(To Winter - Infant Joy - Mad Song): first performance: M.Capelle and Champ d'Action, cond.: A. Franco; 18.03.93.
Commissioned by Les Jeunes Amis de l'opéra, written with support from the Communauté Française de Belgique (Direction Générale de la Culture, Service de la Musique)
(Whole cycle with 6 poems): first performance: C. Fuggiss and Ensemble Modern, cond.: P. Rundel, 23.03.94, Festival Ars Musica.
Award: I. Fuérison Price of Royal Academy of Belgium (Fine Arts section).
[1. To Winter - 2. Nurse's Song I - 3. Infant Joy - 4. Infant Sorrow - 5. Nurse's Song II - 6. Mad Song]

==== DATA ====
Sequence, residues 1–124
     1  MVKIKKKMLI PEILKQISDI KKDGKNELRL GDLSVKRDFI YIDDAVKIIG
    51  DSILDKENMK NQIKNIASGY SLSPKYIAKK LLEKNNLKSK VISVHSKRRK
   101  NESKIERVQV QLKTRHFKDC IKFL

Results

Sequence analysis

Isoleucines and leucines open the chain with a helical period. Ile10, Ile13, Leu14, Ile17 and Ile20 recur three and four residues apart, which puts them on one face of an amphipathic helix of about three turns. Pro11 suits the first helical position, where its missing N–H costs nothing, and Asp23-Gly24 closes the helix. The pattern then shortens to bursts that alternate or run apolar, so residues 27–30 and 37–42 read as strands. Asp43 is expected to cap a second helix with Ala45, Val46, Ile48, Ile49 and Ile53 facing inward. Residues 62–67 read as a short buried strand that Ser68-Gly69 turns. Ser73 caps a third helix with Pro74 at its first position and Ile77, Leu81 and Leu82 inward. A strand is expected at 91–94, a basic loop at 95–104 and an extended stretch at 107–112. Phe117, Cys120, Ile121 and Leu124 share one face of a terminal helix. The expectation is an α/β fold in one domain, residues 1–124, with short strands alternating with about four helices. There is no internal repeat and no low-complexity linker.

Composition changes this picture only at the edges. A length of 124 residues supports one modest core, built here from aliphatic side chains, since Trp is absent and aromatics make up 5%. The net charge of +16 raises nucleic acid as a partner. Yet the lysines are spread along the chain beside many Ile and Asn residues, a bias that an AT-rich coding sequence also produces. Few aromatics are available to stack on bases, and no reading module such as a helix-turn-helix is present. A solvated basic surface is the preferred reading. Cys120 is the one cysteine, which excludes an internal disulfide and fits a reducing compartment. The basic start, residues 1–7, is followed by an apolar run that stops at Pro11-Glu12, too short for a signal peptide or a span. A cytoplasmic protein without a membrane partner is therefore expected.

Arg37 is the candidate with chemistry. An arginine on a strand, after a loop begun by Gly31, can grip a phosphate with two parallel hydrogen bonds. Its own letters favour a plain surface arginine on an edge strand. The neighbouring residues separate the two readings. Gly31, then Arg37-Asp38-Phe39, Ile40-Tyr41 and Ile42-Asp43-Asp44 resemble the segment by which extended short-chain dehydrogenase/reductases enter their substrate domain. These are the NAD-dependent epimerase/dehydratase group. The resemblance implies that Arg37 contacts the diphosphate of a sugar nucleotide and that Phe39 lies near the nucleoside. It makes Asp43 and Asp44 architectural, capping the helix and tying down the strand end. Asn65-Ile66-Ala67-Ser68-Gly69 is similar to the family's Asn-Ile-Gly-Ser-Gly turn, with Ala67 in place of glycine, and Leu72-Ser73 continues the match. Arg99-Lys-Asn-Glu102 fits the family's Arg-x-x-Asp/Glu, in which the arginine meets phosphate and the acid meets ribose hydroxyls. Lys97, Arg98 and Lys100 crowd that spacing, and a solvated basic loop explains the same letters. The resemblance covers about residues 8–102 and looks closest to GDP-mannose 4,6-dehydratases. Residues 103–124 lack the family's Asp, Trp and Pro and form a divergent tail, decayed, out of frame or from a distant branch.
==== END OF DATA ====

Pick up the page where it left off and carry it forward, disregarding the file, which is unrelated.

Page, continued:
The cycle of six Blake Songs is one of the first important creative documents of a composer under thirty years old who was vigorously building up a youthful reputation. Of ample dimension (25 minutes) it associates a soprano voice with an ensemble of thirteen instrumentalists: woodwind, brass, keyboards and percussion (two of each) and string quintet. The work's overall architecture is highly determinate, and this also concerns the choice of poetic textes. The first and the last pieces, the most elaborate (and the only ones to require all the instruments) feature poems from William Blake's youthful Poetical Sketches (1769-1778). Shorter and lighter instrumentally, the texts of the central pieces come from respectively the Songs of Innocence of 1789 (n° 2 and 3) and the Songs of Experience of 1794 (n° 4 and 5). The visionary genius of the English poet-painter continually fluctuates between the fringes of madness and the nostalgia of lost innocence. After the evocation of the rigours of an impressively harsh winter (To Winter) that nonetheless ends - in extremis - with a break in clouds, come two images of idyllic childhood, of total innocence even, that of the new-born (n° 3). The two following poems, however, already show the child as being subject to the agression of the outside world, against which its parents can only offer an uncertain refuge. The contrast between the two Nurse's Songe (n° 2 and 5) is typical, even though they are related by their texts: in the second, the periode of grace has lapsed, winter and night loom on the horizon, and it is the dramatic Mad Song that concludes the cycle, forming a symmetry with the first song. Exposed to the perils of the night storm, the poet turns his back on the Orient as a source of illumination, its blinding light now source of the 'frenetic pain' in his clouded mind.